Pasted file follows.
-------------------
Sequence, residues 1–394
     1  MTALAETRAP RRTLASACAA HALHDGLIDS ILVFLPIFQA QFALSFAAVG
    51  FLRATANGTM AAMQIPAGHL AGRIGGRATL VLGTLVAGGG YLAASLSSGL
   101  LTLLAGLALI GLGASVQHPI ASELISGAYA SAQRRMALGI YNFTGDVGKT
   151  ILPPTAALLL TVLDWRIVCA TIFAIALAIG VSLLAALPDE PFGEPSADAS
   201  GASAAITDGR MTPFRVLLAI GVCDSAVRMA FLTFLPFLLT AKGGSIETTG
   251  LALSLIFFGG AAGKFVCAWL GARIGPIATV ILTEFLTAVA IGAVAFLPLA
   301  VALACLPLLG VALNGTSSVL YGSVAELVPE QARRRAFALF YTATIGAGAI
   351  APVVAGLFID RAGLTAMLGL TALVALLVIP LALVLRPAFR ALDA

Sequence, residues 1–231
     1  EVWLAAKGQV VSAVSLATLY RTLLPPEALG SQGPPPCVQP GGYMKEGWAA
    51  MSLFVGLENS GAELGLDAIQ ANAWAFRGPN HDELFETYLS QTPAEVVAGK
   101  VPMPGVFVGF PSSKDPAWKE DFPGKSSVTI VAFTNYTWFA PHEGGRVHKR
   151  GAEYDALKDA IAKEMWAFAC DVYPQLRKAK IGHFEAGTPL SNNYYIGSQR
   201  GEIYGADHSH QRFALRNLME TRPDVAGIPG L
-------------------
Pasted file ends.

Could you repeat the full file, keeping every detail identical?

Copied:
Sequence, residues 1–394
     1  MTALAETRAP RRTLASACAA HALHDGLIDS ILVFLPIFQA QFALSFAAVG
    51  FLRATANGTM AAMQIPAGHL AGRIGGRATL VLGTLVAGGG YLAASLSSGL
   101  LTLLAGLALI GLGASVQHPI ASELISGAYA SAQRRMALGI YNFTGDVGKT
   151  ILPPTAALLL TVLDWRIVCA TIFAIALAIG VSLLAALPDE PFGEPSADAS
   201  GASAAITDGR MTPFRVLLAI GVCDSAVRMA FLTFLPFLLT AKGGSIETTG
   251  LALSLIFFGG AAGKFVCAWL GARIGPIATV ILTEFLTAVA IGAVAFLPLA
   301  VALACLPLLG VALNGTSSVL YGSVAELVPE QARRRAFALF YTATIGAGAI
   351  APVVAGLFID RAGLTAMLGL TALVALLVIP LALVLRPAFR ALDA

Sequence, residues 1–231
     1  EVWLAAKGQV VSAVSLATLY RTLLPPEALG SQGPPPCVQP GGYMKEGWAA
    51  MSLFVGLENS GAELGLDAIQ ANAWAFRGPN HDELFETYLS QTPAEVVAGK
   101  VPMPGVFVGF PSSKDPAWKE DFPGKSSVTI VAFTNYTWFA PHEGGRVHKR
   151  GAEYDALKDA IAKEMWAFAC DVYPQLRKAK IGHFEAGTPL SNNYYIGSQR
   201  GEIYGADHSH QRFALRNLME TRPDVAGIPG L